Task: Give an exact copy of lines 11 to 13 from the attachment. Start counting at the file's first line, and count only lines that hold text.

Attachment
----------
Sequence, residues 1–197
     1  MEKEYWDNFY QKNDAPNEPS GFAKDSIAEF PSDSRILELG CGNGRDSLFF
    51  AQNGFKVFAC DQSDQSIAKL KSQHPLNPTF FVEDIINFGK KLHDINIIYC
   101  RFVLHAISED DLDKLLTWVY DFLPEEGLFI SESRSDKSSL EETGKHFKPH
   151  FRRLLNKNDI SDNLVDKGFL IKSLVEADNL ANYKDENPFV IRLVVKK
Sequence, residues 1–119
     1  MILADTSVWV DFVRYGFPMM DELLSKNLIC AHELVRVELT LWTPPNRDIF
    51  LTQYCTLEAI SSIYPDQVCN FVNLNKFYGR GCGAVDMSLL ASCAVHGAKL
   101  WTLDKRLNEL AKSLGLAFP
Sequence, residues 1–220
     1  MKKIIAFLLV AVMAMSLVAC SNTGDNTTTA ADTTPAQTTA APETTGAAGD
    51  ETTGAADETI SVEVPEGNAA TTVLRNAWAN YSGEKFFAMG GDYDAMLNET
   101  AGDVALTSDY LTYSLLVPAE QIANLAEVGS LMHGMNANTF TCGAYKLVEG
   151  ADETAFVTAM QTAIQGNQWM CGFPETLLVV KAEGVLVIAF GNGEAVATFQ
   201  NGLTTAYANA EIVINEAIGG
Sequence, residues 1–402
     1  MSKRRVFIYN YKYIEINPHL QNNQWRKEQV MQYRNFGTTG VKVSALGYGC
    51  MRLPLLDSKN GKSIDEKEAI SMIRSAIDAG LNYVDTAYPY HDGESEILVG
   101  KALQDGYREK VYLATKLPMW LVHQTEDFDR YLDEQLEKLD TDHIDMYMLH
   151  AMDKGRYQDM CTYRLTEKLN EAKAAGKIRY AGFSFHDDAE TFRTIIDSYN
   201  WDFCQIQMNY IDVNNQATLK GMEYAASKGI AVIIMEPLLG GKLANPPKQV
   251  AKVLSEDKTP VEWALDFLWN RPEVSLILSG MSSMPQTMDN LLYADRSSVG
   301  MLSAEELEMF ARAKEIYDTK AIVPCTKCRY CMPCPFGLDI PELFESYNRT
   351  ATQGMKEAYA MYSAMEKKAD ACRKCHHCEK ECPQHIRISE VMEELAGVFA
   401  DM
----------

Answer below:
     1  MKKIIAFLLV AVMAMSLVAC SNTGDNTTTA ADTTPAQTTA APETTGAAGD
    51  ETTGAADETI SVEVPEGNAA TTVLRNAWAN YSGEKFFAMG GDYDAMLNET
   101  AGDVALTSDY LTYSLLVPAE QIANLAEVGS LMHGMNANTF TCGAYKLVEG